Friday, 19 December 2014

SOMA enters pre-beta

Another major milestone is reached: SOMA is now in pre-Beta!

So what exactly does that mean? First of, it isn't the same as Alpha. SOMA was in Alpha mid-March this year, and since then we've made loads of additions, changes and fixes based on feedback and our own evaluation of the game's state. The pre-pre-Beta that happened a few weeks back was our final big test of that work. The game's current state, pre-Beta, is a milestone in preparation for the proper Beta, basically the full game without the final polish, which will happen a few months into next year. The pre-Beta marks final our chance for us to evaluate a number of crucial elements in the game.

First, we need to check if any dialog is missing or needs to be tweaked. We'll be doing our final recording a few weeks into next year, so it's important that everything's ready by then. In SOMA the voice-overs are a lot more significant compared to our previous titles. In Amnesia most of the voice-overs were background stories that had little relevance to the gameplay. In SOMA most of the voice-overs are directly connected to what the player is currently doing. This means that any changes we make to gameplay might require changes to voice-over and vice-versa. There's also a much greater need to make sure the two match up. For instance, we need to make sure that when a character describes a piece of scenery, it's accurate to what is actually in the game. We're also making a lot of tweaks to ensure that tone stays consistent and that exposition never gets too overwhelming.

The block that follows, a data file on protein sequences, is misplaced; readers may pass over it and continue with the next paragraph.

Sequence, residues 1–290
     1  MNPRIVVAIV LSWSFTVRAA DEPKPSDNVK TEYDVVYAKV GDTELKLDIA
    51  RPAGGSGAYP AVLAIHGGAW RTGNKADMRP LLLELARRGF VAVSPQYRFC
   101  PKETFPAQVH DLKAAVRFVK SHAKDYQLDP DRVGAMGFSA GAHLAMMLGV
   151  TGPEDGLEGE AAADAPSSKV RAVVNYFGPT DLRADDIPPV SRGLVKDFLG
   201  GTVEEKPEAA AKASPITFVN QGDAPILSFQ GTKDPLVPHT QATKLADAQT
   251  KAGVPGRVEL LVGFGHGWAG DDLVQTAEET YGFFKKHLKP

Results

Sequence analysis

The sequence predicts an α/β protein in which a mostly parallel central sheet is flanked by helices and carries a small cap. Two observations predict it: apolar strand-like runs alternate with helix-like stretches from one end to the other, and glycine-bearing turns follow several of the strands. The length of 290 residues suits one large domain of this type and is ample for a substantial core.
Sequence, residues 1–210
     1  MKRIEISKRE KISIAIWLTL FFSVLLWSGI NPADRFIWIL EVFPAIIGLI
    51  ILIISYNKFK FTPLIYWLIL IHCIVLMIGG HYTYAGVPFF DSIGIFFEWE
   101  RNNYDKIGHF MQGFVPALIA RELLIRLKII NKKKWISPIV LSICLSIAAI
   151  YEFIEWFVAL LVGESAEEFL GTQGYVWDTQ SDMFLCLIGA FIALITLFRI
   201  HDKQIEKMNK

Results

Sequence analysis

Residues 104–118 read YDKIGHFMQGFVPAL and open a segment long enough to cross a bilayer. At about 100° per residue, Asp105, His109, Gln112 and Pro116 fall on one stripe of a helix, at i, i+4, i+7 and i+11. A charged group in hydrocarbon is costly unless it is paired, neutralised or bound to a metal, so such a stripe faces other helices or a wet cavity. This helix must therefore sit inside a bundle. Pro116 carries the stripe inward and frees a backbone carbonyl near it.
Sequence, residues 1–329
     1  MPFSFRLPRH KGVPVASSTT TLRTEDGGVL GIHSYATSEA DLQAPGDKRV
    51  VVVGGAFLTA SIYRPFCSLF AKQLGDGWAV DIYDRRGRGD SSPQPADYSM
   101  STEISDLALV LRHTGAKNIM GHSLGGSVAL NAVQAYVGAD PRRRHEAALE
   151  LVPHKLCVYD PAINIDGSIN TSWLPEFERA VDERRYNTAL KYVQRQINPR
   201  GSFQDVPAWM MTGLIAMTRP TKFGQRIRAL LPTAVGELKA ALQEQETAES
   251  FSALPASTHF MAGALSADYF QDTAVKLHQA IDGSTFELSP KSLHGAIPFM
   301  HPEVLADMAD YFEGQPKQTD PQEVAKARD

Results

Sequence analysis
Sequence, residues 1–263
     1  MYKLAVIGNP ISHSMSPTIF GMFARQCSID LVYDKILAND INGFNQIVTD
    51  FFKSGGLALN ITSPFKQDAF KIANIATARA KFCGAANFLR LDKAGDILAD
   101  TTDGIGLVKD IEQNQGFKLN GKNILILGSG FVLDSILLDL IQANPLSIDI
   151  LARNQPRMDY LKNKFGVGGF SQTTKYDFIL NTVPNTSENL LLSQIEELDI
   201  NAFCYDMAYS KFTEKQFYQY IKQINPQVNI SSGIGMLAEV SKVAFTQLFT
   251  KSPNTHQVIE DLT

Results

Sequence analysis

The amount of voice required for SOMA is staggering. The games use more voice-overs than all of our previous games put together. The combined recording sessions total up to almost a month. Most of this is active content spoken by characters you encounter on your journey through the game.

The other big task is to check the final implementations of changes made after the pre-pre-Beta. After we went into pre-pre-Beta a few weeks back, the team met up for a few days of in-depth discussions. During this gathering we played through the entire game and made sure that everybody was in synch with what kind of game we were making. Over the years there have been lots of changes, and we needed to make sure that everyone grasped the sort of atmosphere, narrative and gameplay each part of the final game was supposed to have. We also decided on any last major changes to make and nailed down the feel we should be striving for in each part of the game . For example, we had long discussions on how the ending should play out and what sort of emotional pay-off we were going for.